In this interview with Daniel Sandstrom, Roth name checks a very long list of “formidable postwar writers,” Gass among them.
At the Chicago Tribune, Michael Robbins nods to Gass (and Gaddis).
Fun D. T. Max post about David Foster Wallace and Bryan Garner:
A year later, in 2002, the two met for lunch at Biaggi’s, a Wallace haunt on Veterans Parkway in Bloomington. (Wallace brought his parents.) They exchanged book recommendations; Garner suggested the nineteenth-century critic and grammar authority Richard Grant White, while Wallace proffered his high-lit triad of DeLillo, Gass, and Gaddis. I reached the itinerant professor by phone the other day in a D.C. hotel room—he is on the road two hundred days a year with his Sisyphean mission—and he told me that he and Wallace hadn’t met again until the interview four years afterward, but that they had exchanged letters in the interim. They also each took pleasure in noting the other’s grammatical errors. “That’s the thing about usage,” Garner told me, in his careful way. “When you write copiously, we are all fallible.” He acknowledged that he had started the Gass novel that D.F.W. had recommended—he was not sure of the title—but had not finished it. Nor had he read “Infinite Jest.” “My impression is that it is a book that a lot of people start and don’t finish,” he said levelly. He added that Wallace knew, and didn’t mind. The friendship between the grammar-minded writer and the writing-minded grammarian was the sort that Wallace liked: close, but not too close.
At the Center for Fiction, Greg Gerke, David Winters and Jason Lucarelli discuss Lish, touching on Gass.
Congrats to Washington University’s Joel Minor and Sarah Schnuriger on the launch of this incredibly valuable project:
Welcome to the digital companion to the “William H. Gass: The Soul Inside the Sentence” exhibition in Olin Library, March - July 2013, examining the life and work of William H. Gass, an esteemed American novelist, short story writer, essayist, critic, photographer and former philosophy professor.
Explore drafts of published and unpublished writings, recordings of his interviews and readings, photographs and scans of important documents and objects that have shaped his life. You will also find an essay, “My Memories of the Service,” which Gass wrote specifically for this digital exhibit.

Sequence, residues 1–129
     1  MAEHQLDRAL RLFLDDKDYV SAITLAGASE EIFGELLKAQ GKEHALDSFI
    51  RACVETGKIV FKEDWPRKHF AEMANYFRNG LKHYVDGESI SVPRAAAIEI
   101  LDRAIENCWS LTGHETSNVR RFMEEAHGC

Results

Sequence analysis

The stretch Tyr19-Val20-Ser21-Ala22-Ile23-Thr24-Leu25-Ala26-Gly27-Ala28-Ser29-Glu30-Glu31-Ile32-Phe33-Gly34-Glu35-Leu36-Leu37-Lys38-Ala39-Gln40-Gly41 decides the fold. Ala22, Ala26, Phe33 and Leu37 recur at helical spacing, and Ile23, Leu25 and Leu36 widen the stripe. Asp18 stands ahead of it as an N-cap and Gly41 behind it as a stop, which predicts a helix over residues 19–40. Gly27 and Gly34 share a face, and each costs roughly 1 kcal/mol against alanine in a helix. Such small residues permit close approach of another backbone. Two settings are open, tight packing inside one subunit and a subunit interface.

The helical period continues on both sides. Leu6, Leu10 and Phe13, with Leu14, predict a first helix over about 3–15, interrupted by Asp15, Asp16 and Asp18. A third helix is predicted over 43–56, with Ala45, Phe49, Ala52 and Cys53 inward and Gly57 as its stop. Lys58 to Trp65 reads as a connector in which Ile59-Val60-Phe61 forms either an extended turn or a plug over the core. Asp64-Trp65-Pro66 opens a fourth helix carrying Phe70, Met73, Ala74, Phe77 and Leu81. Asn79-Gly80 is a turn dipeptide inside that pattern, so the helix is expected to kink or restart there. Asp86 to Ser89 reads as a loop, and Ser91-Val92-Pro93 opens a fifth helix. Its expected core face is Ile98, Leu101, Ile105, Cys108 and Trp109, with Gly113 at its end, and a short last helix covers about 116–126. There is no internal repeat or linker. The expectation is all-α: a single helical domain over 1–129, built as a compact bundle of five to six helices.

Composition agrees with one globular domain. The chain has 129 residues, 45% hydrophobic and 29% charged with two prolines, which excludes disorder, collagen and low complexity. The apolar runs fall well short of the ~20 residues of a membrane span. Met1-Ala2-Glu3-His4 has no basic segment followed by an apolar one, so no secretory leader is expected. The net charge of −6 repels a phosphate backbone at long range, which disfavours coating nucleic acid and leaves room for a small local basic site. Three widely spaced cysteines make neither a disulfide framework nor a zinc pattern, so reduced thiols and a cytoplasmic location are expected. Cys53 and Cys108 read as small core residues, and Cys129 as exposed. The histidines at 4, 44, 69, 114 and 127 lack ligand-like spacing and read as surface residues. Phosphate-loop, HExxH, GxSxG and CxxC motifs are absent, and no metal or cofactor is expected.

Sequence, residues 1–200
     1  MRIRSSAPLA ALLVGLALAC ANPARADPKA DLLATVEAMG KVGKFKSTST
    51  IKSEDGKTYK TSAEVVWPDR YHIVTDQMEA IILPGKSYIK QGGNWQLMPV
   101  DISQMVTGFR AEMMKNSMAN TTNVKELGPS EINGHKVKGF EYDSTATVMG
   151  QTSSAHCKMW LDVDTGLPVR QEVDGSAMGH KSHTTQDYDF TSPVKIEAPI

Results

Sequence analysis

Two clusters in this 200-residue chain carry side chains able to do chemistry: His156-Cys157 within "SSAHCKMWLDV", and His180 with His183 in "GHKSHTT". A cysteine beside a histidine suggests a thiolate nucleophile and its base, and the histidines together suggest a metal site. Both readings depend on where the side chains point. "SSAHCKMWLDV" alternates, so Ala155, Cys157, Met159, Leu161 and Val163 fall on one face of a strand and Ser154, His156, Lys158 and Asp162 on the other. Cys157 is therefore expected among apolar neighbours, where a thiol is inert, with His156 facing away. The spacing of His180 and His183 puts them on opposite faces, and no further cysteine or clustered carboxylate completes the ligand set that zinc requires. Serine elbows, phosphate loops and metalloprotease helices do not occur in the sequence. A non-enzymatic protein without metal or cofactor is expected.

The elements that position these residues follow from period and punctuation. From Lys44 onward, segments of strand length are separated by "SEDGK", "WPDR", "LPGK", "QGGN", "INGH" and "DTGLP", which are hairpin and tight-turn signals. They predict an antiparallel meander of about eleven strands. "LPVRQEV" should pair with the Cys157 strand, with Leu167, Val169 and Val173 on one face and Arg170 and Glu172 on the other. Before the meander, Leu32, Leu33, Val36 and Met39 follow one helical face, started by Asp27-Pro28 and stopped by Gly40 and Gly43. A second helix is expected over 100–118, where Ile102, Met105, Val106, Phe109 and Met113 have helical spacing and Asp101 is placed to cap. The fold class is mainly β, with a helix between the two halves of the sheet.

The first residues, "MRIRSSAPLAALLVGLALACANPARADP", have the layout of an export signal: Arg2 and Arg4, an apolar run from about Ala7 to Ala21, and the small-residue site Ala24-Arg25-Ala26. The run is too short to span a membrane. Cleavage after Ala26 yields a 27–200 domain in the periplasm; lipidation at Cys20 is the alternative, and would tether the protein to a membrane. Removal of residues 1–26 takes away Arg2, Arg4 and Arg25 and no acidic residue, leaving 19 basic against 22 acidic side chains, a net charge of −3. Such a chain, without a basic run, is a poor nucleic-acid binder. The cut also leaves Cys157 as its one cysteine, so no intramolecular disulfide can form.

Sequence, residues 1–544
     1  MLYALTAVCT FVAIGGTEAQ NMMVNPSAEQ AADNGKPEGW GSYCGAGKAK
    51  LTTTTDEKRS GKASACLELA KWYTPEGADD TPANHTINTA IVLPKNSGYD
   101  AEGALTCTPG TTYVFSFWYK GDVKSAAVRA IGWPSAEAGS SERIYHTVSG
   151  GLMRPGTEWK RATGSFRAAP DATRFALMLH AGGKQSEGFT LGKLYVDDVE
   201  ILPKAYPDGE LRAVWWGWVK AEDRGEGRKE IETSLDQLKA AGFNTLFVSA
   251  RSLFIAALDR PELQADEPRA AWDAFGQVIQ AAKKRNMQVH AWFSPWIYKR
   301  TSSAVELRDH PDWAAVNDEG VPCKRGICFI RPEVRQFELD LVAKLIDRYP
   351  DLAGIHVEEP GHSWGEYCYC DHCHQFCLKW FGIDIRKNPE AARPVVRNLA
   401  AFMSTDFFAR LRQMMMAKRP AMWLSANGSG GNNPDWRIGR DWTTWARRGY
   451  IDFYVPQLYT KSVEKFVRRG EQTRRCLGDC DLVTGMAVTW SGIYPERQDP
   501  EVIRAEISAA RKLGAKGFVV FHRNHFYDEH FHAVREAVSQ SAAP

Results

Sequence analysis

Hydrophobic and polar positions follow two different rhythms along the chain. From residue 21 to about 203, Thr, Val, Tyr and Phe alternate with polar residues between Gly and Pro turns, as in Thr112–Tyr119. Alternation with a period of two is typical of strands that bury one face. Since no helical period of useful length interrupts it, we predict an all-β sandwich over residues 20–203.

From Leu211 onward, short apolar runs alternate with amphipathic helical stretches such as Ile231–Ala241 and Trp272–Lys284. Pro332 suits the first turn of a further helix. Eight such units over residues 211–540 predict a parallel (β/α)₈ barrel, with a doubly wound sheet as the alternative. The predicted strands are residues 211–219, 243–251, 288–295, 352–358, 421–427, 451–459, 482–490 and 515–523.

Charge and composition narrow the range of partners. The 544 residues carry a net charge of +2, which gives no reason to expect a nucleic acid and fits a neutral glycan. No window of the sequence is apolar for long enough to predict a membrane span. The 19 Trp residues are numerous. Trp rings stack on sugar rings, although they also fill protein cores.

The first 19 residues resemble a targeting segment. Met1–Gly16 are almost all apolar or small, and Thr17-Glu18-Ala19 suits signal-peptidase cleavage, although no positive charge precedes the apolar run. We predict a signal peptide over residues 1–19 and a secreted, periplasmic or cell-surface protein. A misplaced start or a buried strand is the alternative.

Click through for the goods, of which there are many (audio of Gass introducing David Foster Wallace, Gaddis in STL…).
Departure Delayed quotes an exquisite passage from The Tunnel.
A post from the modestly named Talented Reader blog. (Subtitle: “An Appreciation of William Gass, and Some Remarks on Moral Fiction.”)
From writer Eric Lundgren’s eight-stage blog post about attending the recent Fair:
4. Spotting William Gass.
In retrospect, this is the turning point of the whole 2013 fair experience. There he is, the author of Middle C, On Being Blue, In the Heart of the Heart of the Country, etc., turning over a book in his hands. He examines it, fingers the copyright page, caresses the spine, then finally adds it to his small pile. That, you want to say to headphones guy, is how you behave with a book. You briefly consider trying to take a picture of Gass but decide to leave him alone.
(N.B. – The next morning, Gass spots himself in a St. Louis Post-Dispatch fair photo….)
This week, the eminent novelist and critic Cynthia Ozick reviews “Middle C,” by the eminent novelist and critic William H. Gass. Both are octogenarians — Ozick is 84, Gass 88 — but does it matter?
A post from the Washington University in St. Louis Newsroom.